I don’t want to see your half-finished novel shoved into a drawer never to be seen again. I don’t want you to feel like a failure. Giving up on your writing dreams is not an option. Your novel deserves to see the light of day. Imagine seeing your book on bookstore shelves, signing copies for your most loyal fans, and receiving emails about how much your readers loved your story. In order to get there, you have to finish your manuscript. Here are three ways to do that.
Schedule Your Writing Time
When I was training for my Alaska marathon, Saturdays were reserved for long runs. I ran 2-3 other days during the week, usually between 2-5 miles. You need to schedule your writing time like you would schedule your long runs.
There are two weekend writing conferences that I love to attend every year. The first is the Society of Children’s Book Writers and Illustrators (SCBWI) in August or September for the Carolinas chapter. The second is the Georgia Romance Writers in October. But one year, I didn’t get to go to either one of them.
Nothing bad had happened like a death in the family or Covid or loss of a job. But when the time came to go, I couldn’t. Why not? Because I never registered! What? Why wouldn’t I register if I love going to these conferences?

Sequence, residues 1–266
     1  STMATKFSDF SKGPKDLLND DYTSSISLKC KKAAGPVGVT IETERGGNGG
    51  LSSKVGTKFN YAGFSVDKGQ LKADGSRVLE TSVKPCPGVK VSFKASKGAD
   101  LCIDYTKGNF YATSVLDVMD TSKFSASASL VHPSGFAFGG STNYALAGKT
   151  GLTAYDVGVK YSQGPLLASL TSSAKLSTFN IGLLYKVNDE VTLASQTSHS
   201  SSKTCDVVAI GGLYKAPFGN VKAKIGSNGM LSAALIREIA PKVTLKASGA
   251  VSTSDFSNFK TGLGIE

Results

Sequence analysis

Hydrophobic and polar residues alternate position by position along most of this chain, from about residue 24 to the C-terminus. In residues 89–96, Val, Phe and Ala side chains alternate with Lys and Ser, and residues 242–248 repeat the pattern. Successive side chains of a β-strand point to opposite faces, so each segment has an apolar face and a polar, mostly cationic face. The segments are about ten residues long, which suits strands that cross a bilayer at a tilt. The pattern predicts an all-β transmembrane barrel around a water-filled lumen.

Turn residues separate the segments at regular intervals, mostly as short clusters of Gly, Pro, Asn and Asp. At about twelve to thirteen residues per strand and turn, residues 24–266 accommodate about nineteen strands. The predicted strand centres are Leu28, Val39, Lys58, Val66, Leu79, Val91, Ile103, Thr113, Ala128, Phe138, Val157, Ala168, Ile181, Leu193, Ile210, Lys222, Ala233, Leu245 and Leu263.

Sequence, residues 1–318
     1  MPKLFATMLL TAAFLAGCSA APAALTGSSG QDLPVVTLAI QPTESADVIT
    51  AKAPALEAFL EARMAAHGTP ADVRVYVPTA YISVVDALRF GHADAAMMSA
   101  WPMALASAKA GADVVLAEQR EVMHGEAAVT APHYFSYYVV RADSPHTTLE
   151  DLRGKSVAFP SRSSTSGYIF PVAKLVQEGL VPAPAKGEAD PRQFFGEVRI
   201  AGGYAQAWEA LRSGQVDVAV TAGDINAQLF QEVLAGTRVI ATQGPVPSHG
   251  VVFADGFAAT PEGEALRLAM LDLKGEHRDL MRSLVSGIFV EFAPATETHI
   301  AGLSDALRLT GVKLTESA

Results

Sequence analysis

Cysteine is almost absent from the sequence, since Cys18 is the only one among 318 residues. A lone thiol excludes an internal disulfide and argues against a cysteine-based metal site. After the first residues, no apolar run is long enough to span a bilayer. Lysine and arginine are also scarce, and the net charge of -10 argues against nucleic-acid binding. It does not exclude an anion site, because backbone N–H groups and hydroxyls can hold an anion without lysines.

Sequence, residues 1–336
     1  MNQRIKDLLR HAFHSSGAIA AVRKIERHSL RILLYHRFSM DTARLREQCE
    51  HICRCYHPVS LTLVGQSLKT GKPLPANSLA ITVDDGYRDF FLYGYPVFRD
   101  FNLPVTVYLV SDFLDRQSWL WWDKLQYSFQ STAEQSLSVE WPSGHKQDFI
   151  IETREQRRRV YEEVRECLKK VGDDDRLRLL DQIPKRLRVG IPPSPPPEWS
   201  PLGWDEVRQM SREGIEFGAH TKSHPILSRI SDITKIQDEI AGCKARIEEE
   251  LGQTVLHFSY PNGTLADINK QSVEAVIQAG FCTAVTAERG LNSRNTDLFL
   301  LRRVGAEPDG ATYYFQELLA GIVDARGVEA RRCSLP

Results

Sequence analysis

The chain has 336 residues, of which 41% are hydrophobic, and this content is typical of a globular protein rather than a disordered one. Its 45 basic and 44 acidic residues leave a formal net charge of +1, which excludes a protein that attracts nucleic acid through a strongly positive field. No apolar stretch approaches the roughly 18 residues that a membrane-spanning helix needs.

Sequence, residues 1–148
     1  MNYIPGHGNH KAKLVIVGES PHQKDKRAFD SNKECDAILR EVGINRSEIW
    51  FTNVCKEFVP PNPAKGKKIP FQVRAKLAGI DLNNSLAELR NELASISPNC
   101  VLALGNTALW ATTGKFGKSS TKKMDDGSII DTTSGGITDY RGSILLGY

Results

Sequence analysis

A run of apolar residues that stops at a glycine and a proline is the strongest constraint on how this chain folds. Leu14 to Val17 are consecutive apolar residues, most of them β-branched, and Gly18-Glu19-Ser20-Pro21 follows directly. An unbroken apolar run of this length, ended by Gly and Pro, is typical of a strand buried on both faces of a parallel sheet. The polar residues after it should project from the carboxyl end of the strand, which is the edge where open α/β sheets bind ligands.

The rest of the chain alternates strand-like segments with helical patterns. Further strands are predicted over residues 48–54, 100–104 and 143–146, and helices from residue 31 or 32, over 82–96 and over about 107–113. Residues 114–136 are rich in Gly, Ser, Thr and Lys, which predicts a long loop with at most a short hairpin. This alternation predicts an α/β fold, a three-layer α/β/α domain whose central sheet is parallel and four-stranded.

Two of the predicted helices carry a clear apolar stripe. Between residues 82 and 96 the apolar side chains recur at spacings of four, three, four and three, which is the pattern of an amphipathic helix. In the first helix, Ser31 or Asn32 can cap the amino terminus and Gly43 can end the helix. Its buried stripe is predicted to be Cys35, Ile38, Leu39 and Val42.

Well… when registration opened up, I procrastinated. I thought I’d register in a couple weeks. Then a couple months. Then when there was only one month left until each event, I still thought I would register, but the real reason I never got to go is because I didn’t properly plan financially for my writing obsession. So I came up with a plan to make sure that didn’t happen again.
If you missed out on going to that conference or writing retreat you’ve had your eye on for so long because you didn’t have the money, here are 5 ways to fund your writing obsessions. Because let’s face it, we all want to become better writers and attending conferences and retreats is one of the best ways to improve our craft.
1. Save Up Your Money
Start saving your funds early. Calculate the cost of the event you want to attend and divide it by the number of months to save up and “tithe” to your writing fund. For example, if you’re wanting to attend a writing retreat that costs $2,525, if you save up just over $200 a month for a year, you’ll have the money to go!
Since 2010, I have been blogging over at www.christiewrightwild.blogspot.com. It started out as a personal journal for my writing. It has morphed several times over the years focusing on different things such as picture books, websites for authors, and of course my own publication journey.
It's time for Writers Who Run to get its own blog. So here we are! Every Monday, a new blog post will be published. Topics will always be focused on our four pillars for content.
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Christie Wright Wild
Founder, Writers Who Run
Creator, Plot Like a Novelist